Jonathan Chaves on Burton Watson (1925 – 2017)

In honor of Burton Watson’s passing, I am collecting statements and memories from friends and fans, to be posted as they come in. The following remembrance is from Jonathan Chaves, professor of Chinese at George Washington University:

I am deeply saddened by the death of Burton Watson. He has been an inspiration to me as scholar and translator, and he was my mentor and teacher at Columbia University while I was studying for the PhD in Chinese Literature. The translations of Arthur Waley first revealed the riches of Chinese poetry to me, and he and Watson have always been my two supreme exemplars in this field.

Watson was the first person to whom I showed my early translations, and with characteristic understatement, he limited his comments to saying, “You’re doing fine. Just keep on like this.” That was all I needed from him; I knew I could do it after that.

The 2004 edition of my book, Heaven My Blanket, Earth My Pillow is dedicated to Burton Watson.

Contact me if you would like to add your own remembrance.

1 thought on “Jonathan Chaves on Burton Watson (1925 – 2017)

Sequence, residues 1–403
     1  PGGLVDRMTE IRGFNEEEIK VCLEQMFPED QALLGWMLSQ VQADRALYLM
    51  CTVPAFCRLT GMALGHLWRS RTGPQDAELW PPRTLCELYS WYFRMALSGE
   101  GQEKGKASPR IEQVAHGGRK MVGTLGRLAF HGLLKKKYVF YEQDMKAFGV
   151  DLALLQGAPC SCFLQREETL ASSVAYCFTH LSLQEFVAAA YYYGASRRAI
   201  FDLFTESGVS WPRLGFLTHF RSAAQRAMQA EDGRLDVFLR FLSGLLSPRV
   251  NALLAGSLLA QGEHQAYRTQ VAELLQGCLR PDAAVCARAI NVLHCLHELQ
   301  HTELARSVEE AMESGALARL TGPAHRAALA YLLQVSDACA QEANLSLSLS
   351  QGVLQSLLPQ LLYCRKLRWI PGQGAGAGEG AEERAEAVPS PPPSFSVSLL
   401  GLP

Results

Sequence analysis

1. I am a lifelong and best friend of Burton Watson’s nephew, William Dundon. As such, I was often at his home and I was treated as a member of the family, especially given that my own familial situation was fragmented at best. I knew Burton Watson as “Unkie” (I have never had occasion to spell it!), because that’s what William and his siblings all called him. All who knew him considered him a thoughtful and kind person. One Christmas he gave me a book of his translations of the poetry of Po Chü-I which I still have. I always regarded it as a grand example of the sort of writing I love – simple, clear, and elegant. At the time I was, of course, impressed that any Westerner could translate from Chinese at all, but in my youthful ignorance it never occurred to me that the translator imbued his own style into the translation so that it also would take on a degree of impressionistic character as well. I have since come to appreciate that it is not as if there are strict and blunt one-to-one relationships between the English and Chinese words. Now I know that when I read Po Chü-I, I am also reading Unkie, and that deepens my appreciation for the man I grew to love as well as for the fruit of his labors. I was deeply saddened to learn of his passing from William. There went a fine gentleman.

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